In its December 2020 meeting, the Reserve Bank of Australia left its cash rate unchanged at a record low 0.1 per cent. While that’s bad news for your savings account, it’s good news if you’re a homeowner. The big question now is whether to lock in your home loan repayments by switching to a fixed rate mortgage. Before you decide, here are some important things to consider.
Costly to break
Once you’ve locked in your interest rate, switching out will likely cost you in hefty break fees. Depending on the size of your loan, interest rate movements and your home loan term, the fees charged by lenders to break fixed loan terms can easily run into thousands of dollars.
Know how much you’ll have to pay
If you’re a first home buyer – or just looking to secure your repayment amount over a fixed period of time – locking in your interest rate could be a smart move. With a fixed interest rate, you’ll have a clear idea of how much your fortnightly or monthly repayments will cost you, which makes budgeting a whole lot easier.
No extra repayments
Some homeowners choose to make extra repayments to their mortgage when they can, using a bonus, inheritance or windfall. With less flexibility, fixed rate home loans may limit your ability to make extra repayments, or you could be charged a fee to do so. Similarly, paying off your loan before your fixed rate term ends could also incur a charge.
Security in an unpredictable climate
Locking in your interest rate means you’re protected from interest rate fluctuations. And while the cash rate looks set to remain low for some time to come, it’s hard to predict what the economic future post-COVID will look like for Australia. By having a fixed rate mortgage – or even part of your mortgage locked into a fixed rate – your repayments will stay the same for a fixed period of time, no matter which way the interest rates move.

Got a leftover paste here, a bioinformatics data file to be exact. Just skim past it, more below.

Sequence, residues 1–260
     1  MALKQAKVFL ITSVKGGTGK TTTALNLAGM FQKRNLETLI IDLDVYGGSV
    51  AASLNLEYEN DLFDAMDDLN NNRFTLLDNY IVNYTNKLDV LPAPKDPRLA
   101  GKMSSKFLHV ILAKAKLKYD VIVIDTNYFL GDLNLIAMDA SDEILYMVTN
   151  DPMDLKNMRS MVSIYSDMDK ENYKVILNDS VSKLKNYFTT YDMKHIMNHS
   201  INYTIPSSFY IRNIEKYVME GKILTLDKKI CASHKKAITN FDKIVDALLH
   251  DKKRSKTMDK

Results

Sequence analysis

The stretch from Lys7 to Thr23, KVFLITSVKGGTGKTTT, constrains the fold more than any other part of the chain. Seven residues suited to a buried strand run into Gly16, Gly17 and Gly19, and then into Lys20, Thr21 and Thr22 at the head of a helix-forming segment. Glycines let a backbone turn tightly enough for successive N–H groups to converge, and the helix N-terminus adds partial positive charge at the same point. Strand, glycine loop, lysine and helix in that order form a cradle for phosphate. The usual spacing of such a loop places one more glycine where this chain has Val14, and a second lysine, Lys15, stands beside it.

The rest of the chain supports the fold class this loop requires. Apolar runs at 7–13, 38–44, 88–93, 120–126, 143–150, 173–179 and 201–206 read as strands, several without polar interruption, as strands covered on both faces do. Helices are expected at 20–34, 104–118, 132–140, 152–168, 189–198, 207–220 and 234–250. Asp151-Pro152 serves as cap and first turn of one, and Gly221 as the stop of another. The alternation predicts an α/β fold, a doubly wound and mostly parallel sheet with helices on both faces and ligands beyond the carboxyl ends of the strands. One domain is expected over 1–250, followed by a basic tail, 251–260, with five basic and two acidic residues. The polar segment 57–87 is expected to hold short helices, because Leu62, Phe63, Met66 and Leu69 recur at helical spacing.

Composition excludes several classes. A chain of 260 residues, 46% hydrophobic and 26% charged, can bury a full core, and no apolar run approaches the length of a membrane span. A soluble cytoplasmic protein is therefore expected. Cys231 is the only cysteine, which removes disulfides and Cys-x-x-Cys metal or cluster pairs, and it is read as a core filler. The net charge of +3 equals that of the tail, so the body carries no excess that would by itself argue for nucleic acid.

Could end up paying more
If interest rates drop even further, you could end up paying in more interest that you would have if you’d kept your home loan on a variable interest rate. Splitting your home loan across both fixed and variable could be the solution if you are concerned about interest rates dropping. That way you’re protected with part of your loan fixed and the remainder taking advantage of fluctuating interest rates.
Help you decide
Deciding whether or not to move your home loan to a fixed interest rate is a big decision. Rather than simply switching, it’s vital you do your homework first: compare interest rates from various lenders, use a mortgage calculator to see how switching could impact your repayments, and talk to a mortgage broker about your financial options.
While all care has been taken in the preparation of this publication, no warranty is given as to the accuracy of the information and no responsibility is taken by Finservice Pty Ltd (Mortgage Express) for any errors or omissions. This publication does not constitute personalised financial advice. It may not be relevant to individual circumstances. Nothing in this publication is, or should be taken as, an offer, invitation, or recommendation to buy, sell, or retain any investment in or make any deposit with any person. You should seek professional advice before taking any action in relation to the matters dealt within this publication. A Disclosure Statement is available on request and free of charge.
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